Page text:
The secret powers of soup

The secret powers of soup

In one of the more unusual studies seen in the medical journals of late, UK researchers have determined that some home cooked, family recipe broths actually have antimalarial properties.

The study, published in the Archives of Diseases of Childhood, involved the testing of 56 samples of broths which had been made from recipes passed down as a tradition in families of diverse ethnic origin. These broths were believed to confer health benefits in times of illness, commonly helping to reduce fever.

And before you start getting the mental image of these scientists deciphering these recipes and cooking up a storm, in fact these researchers asked school children at an ethnically-diverse UK primary school to simply bring in a sample of their family anti-fever soup.

Of the 56 soup samples, five were found to significantly inhibit the growth of the asexual blood stage of Plasmodium falciparum in vitro. In fact, the inhibition seen with two of the broths was comparable to that seen with one of the leading antimalarial agents, dihydroartemisinin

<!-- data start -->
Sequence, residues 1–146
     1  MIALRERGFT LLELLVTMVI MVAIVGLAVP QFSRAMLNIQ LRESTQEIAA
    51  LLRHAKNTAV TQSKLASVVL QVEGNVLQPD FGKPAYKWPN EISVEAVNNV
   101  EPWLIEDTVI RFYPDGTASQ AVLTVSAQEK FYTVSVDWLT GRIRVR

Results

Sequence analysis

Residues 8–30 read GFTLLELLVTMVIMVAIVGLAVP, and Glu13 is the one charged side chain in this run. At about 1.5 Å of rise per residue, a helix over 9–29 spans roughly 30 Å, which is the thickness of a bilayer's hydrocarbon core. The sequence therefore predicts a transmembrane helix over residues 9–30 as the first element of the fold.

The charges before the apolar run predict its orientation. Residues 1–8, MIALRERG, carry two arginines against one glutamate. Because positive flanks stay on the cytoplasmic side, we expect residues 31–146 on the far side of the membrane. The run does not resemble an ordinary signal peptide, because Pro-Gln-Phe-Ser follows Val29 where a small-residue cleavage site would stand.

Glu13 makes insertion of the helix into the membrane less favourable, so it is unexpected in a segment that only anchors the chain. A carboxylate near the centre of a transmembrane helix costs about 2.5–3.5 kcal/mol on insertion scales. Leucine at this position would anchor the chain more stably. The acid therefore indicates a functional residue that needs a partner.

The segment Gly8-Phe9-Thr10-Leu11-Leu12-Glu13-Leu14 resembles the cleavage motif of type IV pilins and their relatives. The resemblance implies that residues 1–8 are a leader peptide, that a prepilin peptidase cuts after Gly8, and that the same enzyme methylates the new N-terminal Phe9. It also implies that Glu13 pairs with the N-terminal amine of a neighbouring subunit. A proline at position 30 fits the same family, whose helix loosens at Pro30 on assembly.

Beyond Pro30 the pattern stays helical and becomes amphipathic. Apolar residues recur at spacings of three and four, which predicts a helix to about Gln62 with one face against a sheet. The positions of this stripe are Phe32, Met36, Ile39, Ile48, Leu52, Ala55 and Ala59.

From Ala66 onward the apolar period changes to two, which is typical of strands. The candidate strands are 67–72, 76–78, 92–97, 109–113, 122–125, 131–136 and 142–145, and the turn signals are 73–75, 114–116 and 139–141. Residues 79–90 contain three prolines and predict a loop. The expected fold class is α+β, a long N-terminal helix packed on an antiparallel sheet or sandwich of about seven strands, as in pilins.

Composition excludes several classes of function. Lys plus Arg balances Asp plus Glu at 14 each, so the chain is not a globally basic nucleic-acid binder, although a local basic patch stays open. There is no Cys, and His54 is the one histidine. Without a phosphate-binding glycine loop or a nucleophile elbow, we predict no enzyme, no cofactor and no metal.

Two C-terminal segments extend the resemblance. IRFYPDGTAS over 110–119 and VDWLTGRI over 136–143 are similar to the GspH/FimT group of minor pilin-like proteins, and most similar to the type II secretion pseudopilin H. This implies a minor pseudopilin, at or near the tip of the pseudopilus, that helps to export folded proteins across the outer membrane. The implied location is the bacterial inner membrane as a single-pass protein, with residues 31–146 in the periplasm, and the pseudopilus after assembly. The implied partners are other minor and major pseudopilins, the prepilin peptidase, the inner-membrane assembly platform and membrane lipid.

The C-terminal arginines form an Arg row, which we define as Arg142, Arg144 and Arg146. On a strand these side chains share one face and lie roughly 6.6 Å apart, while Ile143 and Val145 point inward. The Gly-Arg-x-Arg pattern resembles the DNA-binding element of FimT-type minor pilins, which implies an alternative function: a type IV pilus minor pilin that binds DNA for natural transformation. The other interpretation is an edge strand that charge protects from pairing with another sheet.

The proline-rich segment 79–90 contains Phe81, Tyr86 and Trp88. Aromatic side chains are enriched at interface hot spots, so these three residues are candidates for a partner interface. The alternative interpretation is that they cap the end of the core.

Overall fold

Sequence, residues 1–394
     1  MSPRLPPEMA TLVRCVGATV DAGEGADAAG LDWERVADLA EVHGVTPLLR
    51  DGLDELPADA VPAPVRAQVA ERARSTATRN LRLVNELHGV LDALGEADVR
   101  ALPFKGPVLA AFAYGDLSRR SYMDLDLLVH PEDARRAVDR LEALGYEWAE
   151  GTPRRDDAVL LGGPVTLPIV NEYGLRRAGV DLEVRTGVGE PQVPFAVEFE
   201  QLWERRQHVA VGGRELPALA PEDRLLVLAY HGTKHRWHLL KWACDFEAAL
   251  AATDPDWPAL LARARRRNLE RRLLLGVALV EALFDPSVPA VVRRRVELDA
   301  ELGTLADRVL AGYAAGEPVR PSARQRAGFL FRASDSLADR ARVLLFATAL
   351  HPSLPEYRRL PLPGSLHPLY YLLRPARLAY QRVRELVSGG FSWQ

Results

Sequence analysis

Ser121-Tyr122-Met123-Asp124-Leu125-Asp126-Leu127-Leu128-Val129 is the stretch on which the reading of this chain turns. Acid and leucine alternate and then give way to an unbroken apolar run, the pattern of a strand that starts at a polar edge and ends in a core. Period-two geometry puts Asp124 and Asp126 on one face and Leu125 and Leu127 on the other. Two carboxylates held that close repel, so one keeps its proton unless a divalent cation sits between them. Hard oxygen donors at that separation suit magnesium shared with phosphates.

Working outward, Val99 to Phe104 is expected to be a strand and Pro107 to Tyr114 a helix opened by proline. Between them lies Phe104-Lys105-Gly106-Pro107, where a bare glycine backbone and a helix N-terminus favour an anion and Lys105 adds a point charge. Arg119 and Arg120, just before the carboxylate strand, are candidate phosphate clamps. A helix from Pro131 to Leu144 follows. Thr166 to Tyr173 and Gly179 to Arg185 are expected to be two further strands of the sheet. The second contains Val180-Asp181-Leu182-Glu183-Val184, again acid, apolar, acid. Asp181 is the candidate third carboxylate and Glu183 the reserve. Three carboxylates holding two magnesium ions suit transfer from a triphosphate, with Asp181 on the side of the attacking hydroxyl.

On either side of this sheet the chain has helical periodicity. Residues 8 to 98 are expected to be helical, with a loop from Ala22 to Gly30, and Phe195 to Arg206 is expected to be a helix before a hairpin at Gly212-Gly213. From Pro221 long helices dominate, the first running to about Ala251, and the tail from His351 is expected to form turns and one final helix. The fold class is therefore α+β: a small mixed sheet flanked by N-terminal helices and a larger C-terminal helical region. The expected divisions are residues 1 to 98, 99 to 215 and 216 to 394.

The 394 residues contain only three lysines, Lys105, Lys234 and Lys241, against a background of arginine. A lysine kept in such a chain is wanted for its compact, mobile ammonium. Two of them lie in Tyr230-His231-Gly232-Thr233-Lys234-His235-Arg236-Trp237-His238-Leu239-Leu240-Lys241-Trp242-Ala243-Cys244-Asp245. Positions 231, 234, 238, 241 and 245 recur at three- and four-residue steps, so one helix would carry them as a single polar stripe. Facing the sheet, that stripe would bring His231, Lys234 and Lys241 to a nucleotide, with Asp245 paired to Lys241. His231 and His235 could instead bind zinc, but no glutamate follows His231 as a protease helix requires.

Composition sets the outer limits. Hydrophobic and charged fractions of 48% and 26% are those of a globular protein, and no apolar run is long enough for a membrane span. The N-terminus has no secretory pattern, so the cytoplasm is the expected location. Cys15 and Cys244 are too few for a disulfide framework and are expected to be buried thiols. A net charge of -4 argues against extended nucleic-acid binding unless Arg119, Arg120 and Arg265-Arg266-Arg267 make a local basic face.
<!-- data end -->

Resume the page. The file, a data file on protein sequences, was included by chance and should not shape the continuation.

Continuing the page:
Four other (different) broths were found to help block transmission of malaria – preventing the development of the male parasite.

Pretty interesting stuff, but there is a definite downside to this study that prevents it grabbing medical news headlines worldwide. The researchers don’t actually know what was in the broths.

They do know the broth samples came from families of ...

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